- April 22, 2017: New Orleans Writers Conference (New Orleans, LA)
- May 6, 2017: Seattle Writers Conference (Seattle, WA)
- May 19-21, 2017: PennWriters Conference (Pittsburgh, PA)
- June 24, 2017: The Writing Workshop of Chicago (Chicago, IL)
- July 22, 2017: Tennessee Writers Workshop (Nashville, TN)
- Aug. 18–20, 2017: Writer's Digest Conference (New York, NY)
Example: My mom gave me a dictionary one year for Christmas. This was before we had smartphones and dictionary apps, so when I say “dictionary,” I mean a massive Merriam-Webster tome that could be used as a doorstop or burglar repellent. I consulted it for years as an unpublished writer, toiling away on my latest manuscript and always on the lookout for that next great word. One evening I was yet again thumbing through my beloved dictionary when something on one of the pages caught my eye. Here in the “Q” section of the book, someone had pasted a piece of square white paper on the page, completely covering up one of the definitions. Of course, Mom had done this years earlier when she gave me the book, but she never told me about it. On that little pasted note she’d written this: “There is no ‘quit’ in this dictionary.”
As I write this, I’m getting goosebumps—again. No matter how many times I tell this story, it never fails to move me.
Position #3: The Open Arms – Take in Everything and Hold Nothing Back
Finding an agent is no job for laser beams. If your focus is too narrow, you’ll limit your odds of success. Send to as many literary agencies as possible. You may receive rejections from 200 agents, and these will weigh like old stones around your soul, but number 201 might say yes. (In the meantime, though, while you’re waiting to hear back from all of them, on to the next.)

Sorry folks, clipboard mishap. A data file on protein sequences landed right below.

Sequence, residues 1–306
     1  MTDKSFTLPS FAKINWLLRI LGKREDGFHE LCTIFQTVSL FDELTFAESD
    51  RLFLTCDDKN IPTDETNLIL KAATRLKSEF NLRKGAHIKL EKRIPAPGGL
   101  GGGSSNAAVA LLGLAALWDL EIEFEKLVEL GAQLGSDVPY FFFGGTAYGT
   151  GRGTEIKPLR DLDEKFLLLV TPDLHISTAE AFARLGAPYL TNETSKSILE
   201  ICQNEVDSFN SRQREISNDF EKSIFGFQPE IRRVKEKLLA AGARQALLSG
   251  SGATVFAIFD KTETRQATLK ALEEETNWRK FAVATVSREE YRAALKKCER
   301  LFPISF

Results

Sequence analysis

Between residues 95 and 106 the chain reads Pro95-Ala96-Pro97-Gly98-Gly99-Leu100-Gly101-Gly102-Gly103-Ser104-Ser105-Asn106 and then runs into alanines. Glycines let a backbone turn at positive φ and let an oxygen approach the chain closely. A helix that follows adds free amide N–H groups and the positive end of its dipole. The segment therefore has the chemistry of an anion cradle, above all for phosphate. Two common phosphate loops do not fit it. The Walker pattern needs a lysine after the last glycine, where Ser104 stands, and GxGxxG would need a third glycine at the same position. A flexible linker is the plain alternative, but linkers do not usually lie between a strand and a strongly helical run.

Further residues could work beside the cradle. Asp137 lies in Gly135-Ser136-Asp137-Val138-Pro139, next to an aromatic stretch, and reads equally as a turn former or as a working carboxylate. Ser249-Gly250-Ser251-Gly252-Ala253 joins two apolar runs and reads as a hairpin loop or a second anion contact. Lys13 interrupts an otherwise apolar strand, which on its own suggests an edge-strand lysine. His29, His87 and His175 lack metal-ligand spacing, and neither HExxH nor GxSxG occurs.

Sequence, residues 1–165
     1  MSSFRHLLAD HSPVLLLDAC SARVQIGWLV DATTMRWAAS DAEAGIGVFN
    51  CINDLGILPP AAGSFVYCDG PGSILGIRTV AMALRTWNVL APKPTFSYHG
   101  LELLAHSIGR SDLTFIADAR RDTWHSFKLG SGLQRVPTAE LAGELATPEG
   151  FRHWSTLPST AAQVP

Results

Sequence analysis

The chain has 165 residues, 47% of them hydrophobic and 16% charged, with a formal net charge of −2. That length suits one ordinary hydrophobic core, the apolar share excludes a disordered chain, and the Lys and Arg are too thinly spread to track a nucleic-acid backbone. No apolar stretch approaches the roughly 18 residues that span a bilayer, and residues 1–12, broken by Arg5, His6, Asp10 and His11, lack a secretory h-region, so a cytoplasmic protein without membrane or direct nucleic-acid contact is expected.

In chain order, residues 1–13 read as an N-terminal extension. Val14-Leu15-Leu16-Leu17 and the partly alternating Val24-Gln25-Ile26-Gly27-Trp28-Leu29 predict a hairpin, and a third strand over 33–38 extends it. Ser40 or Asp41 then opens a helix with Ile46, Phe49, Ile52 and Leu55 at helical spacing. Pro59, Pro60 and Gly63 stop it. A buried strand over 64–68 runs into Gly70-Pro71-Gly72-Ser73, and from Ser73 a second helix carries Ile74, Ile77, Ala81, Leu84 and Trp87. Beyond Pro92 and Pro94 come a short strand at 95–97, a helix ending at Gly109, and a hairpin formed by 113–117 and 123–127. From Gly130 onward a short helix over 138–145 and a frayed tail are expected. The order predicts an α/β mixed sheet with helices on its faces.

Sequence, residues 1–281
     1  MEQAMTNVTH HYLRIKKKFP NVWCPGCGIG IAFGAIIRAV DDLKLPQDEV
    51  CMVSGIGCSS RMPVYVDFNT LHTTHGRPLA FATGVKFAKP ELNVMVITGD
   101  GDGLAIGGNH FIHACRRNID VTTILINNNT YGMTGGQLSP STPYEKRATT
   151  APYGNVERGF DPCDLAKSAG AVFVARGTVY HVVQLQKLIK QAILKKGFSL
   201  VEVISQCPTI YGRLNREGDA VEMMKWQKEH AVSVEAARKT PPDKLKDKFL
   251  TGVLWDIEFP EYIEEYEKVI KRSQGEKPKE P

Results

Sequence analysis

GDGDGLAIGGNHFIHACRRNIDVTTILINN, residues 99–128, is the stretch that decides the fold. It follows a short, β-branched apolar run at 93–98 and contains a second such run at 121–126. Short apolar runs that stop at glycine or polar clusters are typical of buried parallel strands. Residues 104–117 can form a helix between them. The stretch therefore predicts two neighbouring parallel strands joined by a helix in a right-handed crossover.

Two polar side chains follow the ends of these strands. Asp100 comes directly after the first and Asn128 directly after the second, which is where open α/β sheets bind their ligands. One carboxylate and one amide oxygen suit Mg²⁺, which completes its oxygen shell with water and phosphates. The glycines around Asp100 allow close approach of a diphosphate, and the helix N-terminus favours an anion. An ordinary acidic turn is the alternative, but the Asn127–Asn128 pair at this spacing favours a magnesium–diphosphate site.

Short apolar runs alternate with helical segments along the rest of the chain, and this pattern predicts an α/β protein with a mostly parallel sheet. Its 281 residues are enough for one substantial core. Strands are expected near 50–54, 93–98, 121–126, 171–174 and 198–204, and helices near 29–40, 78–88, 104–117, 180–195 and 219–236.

Yet here’s the contradiction: though you want to contact as many agencies as possible, you must personalize every query letter you send. Do not submit your romance novel to agents who represent only travelogues and cookbooks. Likewise, do not address your queries generically. There’s a real person on the receiving end of that query, and their name isn’t “Sir/Madam.”
Example: For my book, FACE BLIND, I queried 43 different agencies with personalized letters after conducting my research and narrowing the field. Most agents replied with kind but impersonal rejections, and some simply didn’t reply at all. About a dozen requested sample chapters, and then eleven of those declined (or as they like to put it, they “took a pass” on the manuscript). Over a year after I started the process, one of them offered to represent the book as a literary agent. That makes me 1 out of 43. But that one is all it takes.
Bradbury reminds us that we can’t resist love—“You get an idea, someone says something, and you’re in love.”
Now go out there and be in love.
Your new complete and updated instructional guide
to finding an agent is finally here: The 2015 book
GET A LITERARY AGENT shares advice from more
than 110 literary agents who share advice on querying,
craft, the submission process, researching agents, and
much more. Filled with all the advice you'll ever need to
find an agent, this resource makes a great partner book to
the agent database, Guide to Literary Agents.
Other writing/publishing articles & links for you:
- Agent Adam Muhlig of McIntosh & Otis seeks queries.
- If you get your short fiction published in journals, literary agents will come to YOU.
- "7 things I've learned so far from writing and researching novels."
- Agent Carole Jelen is looking for nonfiction authors & queries.
- Don’t be hamstrung by the admonition to “write what you know.”
- 5 Easy Ways to Publicize & Promote Your Books.
- Follow Chuck Sambuchino on Twitter or find him on Facebook. Learn all about his writing guides on how to get published, how to find a literary agent, and writing a query letter.